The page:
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Ramsey v. Bimbo Foods Bakeries Distritubion, LLC

United States District Court, E.D. North Carolina, Western Division

April 10, 2015



W. EARL BRITT, Senior District Judge.

This matter comes before the court on defendant Bimbo Foods Bakeries Distribution, LLC, f/k/a Bimbo Foods Bakeries Distribution, Inc., f/k/a George Weston Bakeries Distribution, Inc.'s ("defendant") motion to dismiss.[1] (DE # 13.) Plaintiff Richard Ramsey ("plaintiff") filed a response, (DE # 15), to which defendant replied, (DE # 16). This matter is ripe for disposition.


In 2008, plaintiff, as an "independent operator, " purchased for $130, 000 a distribution route which granted him exclusive rights to purchase bakery products from defendant and sell those products to grocery store chains and other customers within a designated territory. (Compl., DE # 5-1, ¶¶ 5-7.) At the same time, he entered into a Distribution Agreement ("Agreement") with defendant and was "to be paid on a percentage of sales or a margin on the sale of product." (Case No. 5:14-CV-26-BR, Compl., DE # 1-1, ¶ 8 & Ex. 1.)[2]

In June 2013, defendant informed plaintiff and other local independent operators that it was reducing the margins to be paid to them. (Id. ¶ 10.) Plaintiff and most of the other independent operators "united in an effort to fight the Defendant's effort to unilaterally reduce margins." (Id. ¶ 12.) On 6 December 2013, defendant issued to plaintiff a "Notice of Breach of Distribution Agreement, " stating that plaintiff had "fail[ed] to provide proper and satisfactory service" to a Harris Teeter store on his route. (Id. ¶ 25 & Ex. 5.) After plaintiff failed to cure the breach, defendant issued to plaintiff a "Notice of Termination of Distribution Agreement." (Id. ¶ 25 & Ex. 6.) Plaintiff subsequently filed suit challenging the termination of the agreement and seeking a preliminary injunction to enjoin defendant from interfering with the operation of his distribution route. Ramsey v. Bimbo Food Bakeries Distrib., Inc., No. 5:14-CV-26-BR (E.D. N.C. 2014). This court denied plaintiff's motion for a preliminary injunction.[3] (Id., DE # 29.)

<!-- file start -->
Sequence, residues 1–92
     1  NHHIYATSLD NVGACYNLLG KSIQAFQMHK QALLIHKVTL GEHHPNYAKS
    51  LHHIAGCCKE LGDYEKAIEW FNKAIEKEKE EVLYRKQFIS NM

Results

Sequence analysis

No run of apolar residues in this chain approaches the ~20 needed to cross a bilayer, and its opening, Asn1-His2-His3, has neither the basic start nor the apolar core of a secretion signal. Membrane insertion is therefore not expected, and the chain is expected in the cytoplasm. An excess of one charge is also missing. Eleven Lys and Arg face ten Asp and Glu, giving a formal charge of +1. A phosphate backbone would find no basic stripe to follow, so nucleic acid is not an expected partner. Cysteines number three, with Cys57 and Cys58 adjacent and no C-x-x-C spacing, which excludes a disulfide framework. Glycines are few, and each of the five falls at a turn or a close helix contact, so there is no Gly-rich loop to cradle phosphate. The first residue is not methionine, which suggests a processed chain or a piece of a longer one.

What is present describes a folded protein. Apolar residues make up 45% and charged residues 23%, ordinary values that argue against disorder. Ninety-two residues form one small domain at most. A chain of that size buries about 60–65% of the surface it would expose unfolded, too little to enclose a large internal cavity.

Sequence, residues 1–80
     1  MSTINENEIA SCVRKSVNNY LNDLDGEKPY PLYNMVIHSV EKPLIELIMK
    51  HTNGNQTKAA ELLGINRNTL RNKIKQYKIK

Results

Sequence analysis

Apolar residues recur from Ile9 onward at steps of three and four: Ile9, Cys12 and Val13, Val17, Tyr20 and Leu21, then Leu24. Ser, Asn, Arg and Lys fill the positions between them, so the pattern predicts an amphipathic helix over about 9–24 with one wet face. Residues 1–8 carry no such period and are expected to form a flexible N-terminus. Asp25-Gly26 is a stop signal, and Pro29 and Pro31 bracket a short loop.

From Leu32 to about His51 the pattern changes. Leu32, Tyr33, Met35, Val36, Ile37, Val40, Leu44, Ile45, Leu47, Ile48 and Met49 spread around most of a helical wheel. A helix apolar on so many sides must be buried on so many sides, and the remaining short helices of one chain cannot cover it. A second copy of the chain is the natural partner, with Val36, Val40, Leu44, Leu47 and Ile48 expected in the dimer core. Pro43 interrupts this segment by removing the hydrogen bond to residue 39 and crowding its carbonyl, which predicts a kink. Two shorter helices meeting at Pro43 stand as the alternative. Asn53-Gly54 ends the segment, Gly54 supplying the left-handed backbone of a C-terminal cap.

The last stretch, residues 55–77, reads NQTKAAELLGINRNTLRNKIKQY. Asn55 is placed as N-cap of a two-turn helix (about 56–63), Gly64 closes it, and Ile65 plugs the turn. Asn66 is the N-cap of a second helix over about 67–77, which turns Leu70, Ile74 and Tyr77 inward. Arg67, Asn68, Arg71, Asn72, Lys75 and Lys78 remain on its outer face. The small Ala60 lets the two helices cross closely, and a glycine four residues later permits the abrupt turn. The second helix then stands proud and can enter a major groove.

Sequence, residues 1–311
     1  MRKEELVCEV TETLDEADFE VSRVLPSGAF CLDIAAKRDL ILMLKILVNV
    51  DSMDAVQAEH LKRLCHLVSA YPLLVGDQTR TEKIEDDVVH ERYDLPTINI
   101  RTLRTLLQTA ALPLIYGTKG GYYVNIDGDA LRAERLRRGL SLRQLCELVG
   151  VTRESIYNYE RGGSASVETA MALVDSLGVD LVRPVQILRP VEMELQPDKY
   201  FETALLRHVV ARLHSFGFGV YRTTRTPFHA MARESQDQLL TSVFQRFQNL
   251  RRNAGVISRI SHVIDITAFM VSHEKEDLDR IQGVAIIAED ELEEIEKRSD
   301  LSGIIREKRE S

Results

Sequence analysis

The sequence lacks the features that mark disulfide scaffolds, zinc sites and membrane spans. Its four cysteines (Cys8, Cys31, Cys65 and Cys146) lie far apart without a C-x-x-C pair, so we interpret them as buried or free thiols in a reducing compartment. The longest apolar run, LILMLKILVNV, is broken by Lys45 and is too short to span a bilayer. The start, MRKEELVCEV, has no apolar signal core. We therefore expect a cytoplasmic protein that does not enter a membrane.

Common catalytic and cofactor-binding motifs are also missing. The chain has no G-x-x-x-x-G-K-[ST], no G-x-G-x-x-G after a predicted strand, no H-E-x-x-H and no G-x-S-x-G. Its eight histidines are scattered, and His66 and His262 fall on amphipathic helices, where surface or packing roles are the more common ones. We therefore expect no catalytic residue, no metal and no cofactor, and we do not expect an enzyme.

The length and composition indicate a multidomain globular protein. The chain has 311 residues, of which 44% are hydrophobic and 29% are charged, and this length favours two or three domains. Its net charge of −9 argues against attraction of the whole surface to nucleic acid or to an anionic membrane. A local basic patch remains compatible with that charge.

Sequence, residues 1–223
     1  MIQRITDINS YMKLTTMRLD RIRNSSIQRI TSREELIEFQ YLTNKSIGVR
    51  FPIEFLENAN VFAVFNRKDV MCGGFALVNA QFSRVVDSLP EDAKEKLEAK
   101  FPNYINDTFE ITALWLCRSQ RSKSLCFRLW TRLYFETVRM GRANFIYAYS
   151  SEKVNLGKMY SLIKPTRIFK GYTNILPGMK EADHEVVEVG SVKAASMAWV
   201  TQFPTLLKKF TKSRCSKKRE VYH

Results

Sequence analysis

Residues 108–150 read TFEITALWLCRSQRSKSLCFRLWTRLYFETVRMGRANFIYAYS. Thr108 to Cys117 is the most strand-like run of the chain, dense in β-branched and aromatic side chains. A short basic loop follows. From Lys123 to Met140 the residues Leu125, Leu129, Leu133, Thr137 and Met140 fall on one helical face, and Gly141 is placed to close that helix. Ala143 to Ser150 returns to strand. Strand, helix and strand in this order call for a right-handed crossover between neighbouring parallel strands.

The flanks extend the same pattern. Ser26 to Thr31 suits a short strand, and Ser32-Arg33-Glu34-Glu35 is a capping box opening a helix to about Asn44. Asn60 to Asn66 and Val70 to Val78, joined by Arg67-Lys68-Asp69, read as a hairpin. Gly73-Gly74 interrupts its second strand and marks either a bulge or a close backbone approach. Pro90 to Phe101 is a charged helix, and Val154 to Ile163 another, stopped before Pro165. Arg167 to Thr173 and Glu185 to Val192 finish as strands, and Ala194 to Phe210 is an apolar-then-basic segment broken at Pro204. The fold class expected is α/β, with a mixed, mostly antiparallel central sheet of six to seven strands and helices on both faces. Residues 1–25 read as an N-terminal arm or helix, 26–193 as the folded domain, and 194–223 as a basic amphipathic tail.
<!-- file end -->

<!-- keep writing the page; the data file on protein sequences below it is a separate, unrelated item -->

The Agreement permitted plaintiff to sell his route "during the first 90 days following the termination of the... agreement." (Compl., DE # 5-1, ¶ 11.) Plaintiff elected not to do so in light of his motion for a preliminary injunction which was pending at that time. (Id.) Defendant proceeded to operate plaintiff's route on his behalf for a period of more than nine months. (Id. ¶¶ 13, 15.) Based on approximate historical earnings of $8, 000 per month in the operation of his route, plaintiff estimates he would have earned $72, 000 during those nine months. (Id. ¶¶ 12, 15.) Instead of turning over to plaintiff any profits garnered from the operation of his route, defendant "charged the Plaintiff $43, 343.00...." (Id. ¶ 16.) Defendant subsequently sold the rights to plaintiff's route "without any approval whatsoever from the Plaintiff" for $111, 745. (Id. ¶ 19 & Ex. 3.[4])

On 2 December 2014, plaintiff filed this action in state court asserting claims for breach of contract, fraud, breach of fiduciary duty, negligence, and unfair and deceptive trade practices. (Compl., DE # 5-1, ¶¶ 33-50.) On 7 January 2015, defendant removed the case to this court. (DE # 5.) Now, pursuant to Federal Rule of Civil Procedure 12(b)(6), defendant moves to dismiss plaintiff's complaint in its entirety.